Image Source: https://nypost.com/
Down Under is overcoming plastic pollution.
In only three months, Australia has cut its plastic bag usage by 80 percent, according to the country’s National Retail Association.
Over the summer, two of Australia’s largest supermarket chains — Woolworths and Coles — announced the ban of single-use plastics in their stores in the Australian states of Queensland and Western Australian.
Australia has approached the phase-out of lightweight plastic bags on a regional level, rather than national. Tasmania and South Australia have previously banned plastic bags and Victoria is expected to enact a ban sometime in 2019. New South Wales – the country’s most populated state – is the only region without any pending plans.
The chains said the ban was initially met with such outrage that Woolworths experienced flailing sales. And one Coles shopper was reportedly so frustrated he couldn’t get a free plastic bag that he threatened an employee and grabbed him by the throat. This led to Coles sporadically backtracking on the 11-cent tax for a reusable plastic bag and handing them out for free, citing customers’ struggle to adjust. (They’ve since reinstated the tax.)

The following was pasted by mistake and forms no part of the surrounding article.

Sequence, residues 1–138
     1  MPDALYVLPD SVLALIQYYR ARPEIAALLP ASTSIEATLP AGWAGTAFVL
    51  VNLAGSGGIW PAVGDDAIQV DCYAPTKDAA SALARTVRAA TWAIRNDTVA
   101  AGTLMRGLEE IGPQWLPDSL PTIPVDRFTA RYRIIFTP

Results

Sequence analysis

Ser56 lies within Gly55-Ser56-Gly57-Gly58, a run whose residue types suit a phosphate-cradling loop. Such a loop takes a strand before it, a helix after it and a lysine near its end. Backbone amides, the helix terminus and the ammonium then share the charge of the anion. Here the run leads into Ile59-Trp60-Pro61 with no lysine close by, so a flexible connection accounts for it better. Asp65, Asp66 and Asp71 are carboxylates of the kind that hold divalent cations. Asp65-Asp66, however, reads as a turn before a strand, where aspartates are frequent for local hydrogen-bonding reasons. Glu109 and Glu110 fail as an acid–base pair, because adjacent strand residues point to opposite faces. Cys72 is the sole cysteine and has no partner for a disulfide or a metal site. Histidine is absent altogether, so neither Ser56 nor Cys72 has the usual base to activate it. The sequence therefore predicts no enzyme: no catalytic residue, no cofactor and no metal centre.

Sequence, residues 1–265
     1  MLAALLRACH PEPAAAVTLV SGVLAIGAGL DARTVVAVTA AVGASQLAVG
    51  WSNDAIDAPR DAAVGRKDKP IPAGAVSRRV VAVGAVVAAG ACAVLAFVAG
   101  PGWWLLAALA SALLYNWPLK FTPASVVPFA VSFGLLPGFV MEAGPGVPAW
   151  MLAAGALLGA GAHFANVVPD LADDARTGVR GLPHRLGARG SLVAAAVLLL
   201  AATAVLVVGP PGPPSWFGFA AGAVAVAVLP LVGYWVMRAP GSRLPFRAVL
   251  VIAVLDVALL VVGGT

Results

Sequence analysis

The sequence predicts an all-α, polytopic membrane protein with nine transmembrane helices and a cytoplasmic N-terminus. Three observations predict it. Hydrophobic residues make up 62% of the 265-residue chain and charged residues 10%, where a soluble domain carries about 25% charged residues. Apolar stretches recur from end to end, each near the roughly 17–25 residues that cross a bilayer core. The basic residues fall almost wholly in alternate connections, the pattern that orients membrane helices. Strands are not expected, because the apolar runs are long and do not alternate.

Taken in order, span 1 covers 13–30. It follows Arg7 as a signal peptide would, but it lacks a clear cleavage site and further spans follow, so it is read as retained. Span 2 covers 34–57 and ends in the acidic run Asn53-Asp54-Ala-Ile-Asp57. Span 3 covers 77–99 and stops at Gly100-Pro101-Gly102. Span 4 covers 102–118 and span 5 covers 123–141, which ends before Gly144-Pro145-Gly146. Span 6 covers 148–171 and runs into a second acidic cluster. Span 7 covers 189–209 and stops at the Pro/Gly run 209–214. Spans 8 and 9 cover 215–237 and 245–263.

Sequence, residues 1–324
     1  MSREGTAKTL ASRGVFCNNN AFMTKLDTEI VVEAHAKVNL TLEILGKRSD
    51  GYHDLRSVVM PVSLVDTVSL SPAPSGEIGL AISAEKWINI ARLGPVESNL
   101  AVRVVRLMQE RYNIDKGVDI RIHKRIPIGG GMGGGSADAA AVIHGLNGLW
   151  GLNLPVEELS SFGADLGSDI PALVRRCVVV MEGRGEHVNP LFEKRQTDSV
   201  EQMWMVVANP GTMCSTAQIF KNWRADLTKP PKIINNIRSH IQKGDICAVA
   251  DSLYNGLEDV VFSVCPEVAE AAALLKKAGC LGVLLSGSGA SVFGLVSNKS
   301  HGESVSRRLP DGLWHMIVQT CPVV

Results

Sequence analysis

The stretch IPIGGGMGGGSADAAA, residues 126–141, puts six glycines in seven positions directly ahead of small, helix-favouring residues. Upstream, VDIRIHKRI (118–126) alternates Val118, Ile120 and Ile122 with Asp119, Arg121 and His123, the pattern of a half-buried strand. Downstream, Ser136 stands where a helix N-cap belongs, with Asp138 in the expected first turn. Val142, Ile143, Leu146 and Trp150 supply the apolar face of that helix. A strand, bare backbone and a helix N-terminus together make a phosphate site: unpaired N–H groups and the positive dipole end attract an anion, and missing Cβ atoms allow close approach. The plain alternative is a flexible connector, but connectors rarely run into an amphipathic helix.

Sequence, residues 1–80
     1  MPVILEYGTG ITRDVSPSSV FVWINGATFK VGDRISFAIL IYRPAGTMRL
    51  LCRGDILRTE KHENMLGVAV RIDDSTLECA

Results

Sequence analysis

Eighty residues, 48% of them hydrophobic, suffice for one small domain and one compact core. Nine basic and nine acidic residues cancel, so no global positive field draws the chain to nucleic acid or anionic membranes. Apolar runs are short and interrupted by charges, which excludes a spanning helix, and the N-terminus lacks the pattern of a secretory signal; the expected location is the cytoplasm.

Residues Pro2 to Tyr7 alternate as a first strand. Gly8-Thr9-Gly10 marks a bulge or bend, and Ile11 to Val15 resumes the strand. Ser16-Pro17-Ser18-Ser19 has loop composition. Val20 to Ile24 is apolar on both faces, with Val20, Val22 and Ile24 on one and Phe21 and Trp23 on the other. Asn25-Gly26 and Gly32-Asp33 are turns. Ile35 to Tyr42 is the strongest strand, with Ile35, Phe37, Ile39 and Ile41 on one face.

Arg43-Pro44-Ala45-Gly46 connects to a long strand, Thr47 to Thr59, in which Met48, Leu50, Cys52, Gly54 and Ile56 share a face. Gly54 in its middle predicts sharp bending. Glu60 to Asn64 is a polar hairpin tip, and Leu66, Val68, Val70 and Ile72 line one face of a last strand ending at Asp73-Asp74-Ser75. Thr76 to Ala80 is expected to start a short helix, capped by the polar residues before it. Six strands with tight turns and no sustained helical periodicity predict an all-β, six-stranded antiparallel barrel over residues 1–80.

But, customers have since adjusted and the ban has proven successful — preventing as many as 1.5 billion bags from polluting the environment.
“Retailers deserve an enormous amount of kudos for leading the way on one of the most significant changes to consumer behavior in generations and we also applaud shoppers for embracing this environmental initiative,” David Stout, manager of industry policy at the National Retail Association, said in a statement.
Throughout the world, at least 32 countries — 18 in Africa — have plastic bag bans in place, according to ReuseThisBag. In June, Chile became the first country in the Americas to ban plastic bags. California and Hawaii are the only US states with a plastic bag ban. However, a handful of states have a mandatory recycling or reuse program.
A Girl Scout troop in Narberth, Pennsylvania recently helped pass legislation to ban straws and tax plastic bags, making the small town the first in the state to ban single-use plastics.
“Everyone delivering things in a package needs to take responsibility for what they deliver it in,” Stout said. “I think there’s going to be a lot more pressure on all of us to be more aware of what we consume.”